Malaysia will deploy more assets for the deep-sea search in the southern Indian Ocean to aid the Australia-led efforts in locating Flight MH370 went missing nearly four months ago.
Defence Minister Hishammuddin Hussein said the Royal Malaysian Navy vessel, KD Mutiara, which has the capability of the multi-beam echo sounder, would join the search efforts to assist in the current bathymetric survey process.
“The ship will set sail on August 4,” he told reporters after launching the MH370 Photo Exhibition.
The Beijing-bound Malaysia Airlines (MAS) Boeing 777-200 with 239 people, including five Indians, on board went missing on March 8, an hour after taking off from Kuala Lumpur International Airport.
After the plane went missing, a massive multinational search was launched, first in the South China Sea and later extended to the Melaka Straits and Andaman Sea, before the search teams shifted their attention to the waters off western Australia in the southern Indian Ocean, half way to Antarctica.
On June 26, Australia had announced that the new search area for MH370 would be shifted further south in the southern Indian Ocean, an endeavour that is expected to be concluded in about a year.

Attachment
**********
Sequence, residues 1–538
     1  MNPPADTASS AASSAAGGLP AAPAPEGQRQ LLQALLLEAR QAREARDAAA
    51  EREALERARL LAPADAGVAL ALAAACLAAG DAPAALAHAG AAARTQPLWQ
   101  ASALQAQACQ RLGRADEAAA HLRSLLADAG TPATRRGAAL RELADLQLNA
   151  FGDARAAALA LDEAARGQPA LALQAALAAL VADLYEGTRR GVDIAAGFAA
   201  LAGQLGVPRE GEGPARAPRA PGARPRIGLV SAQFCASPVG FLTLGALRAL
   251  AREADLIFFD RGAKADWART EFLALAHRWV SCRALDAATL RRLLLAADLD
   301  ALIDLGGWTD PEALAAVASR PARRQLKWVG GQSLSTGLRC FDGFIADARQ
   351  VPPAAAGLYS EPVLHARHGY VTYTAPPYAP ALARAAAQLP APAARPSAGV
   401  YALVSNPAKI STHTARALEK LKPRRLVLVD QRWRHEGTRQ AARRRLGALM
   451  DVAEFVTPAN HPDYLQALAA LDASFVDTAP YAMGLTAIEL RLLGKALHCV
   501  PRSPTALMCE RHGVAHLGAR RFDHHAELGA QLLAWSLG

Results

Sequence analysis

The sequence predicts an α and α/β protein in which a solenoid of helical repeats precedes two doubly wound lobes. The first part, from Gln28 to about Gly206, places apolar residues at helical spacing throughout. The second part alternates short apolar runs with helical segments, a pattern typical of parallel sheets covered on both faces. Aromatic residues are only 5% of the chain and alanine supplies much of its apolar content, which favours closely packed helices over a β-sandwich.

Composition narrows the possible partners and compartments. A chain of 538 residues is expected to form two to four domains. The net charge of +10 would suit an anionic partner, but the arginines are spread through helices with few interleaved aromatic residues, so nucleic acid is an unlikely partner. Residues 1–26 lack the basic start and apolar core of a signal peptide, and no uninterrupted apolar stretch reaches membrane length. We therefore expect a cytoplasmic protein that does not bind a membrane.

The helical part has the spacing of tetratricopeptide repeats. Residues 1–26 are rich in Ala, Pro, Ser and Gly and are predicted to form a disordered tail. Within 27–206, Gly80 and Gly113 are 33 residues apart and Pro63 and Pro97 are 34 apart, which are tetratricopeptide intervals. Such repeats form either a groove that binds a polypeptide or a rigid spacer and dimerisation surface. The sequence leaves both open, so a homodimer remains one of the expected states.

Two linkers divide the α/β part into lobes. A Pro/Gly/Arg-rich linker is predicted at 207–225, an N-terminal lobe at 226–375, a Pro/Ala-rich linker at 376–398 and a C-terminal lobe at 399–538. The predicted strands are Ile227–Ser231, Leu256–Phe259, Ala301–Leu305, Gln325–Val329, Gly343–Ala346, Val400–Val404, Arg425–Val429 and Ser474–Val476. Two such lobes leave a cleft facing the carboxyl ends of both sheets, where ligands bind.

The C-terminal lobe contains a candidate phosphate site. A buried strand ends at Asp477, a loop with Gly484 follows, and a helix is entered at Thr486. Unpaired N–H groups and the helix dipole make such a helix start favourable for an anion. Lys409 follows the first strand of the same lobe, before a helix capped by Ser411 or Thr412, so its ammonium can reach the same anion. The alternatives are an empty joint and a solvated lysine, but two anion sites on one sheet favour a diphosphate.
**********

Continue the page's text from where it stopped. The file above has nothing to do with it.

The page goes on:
The new location, however, would still be in the area where the Beijing-bound Boeing 777-200 plane with 239 people onboard last communicated with the Inmarsat satellite before it went missing.
The bathymetric or mapping of the sea floor survey is expected to complete in three months, followed by the comprehensive deep-sea search in August.
On commercial assets, the Defence Minister said that Petronas, together with DEFTECH and Phoenix International, would immediately deploy a Prosas Side Scan Sonar (Towed Synthetic Aperture Sonar), which would be mounted on a mother vessel.
He said another company, Boustead Heavy Industries, together with iXBlue Australia, would also be deploying a deep-towed side scan sonar with a Remotely Operated Vehicle (ROV) mounted on the mother vessel called John Lethbridge, Bernama news agency reported.
The operational requirements for these assets would be coordinated with the Australian authorities, he added.
Asked on the cost for the coming search operation, he said the newly-announced assets deployment would be borne by the commercial companies.
He said there could be a possibility that Malaysia, China and Australia would share and bear the cost of the search operation.
Malaysian government and Malaysia Airlines have been heavily criticised domestically and abroad for their handling of the disaster, with critics pointing to the government’s slow response and lack of coordination in the search and rescue operations.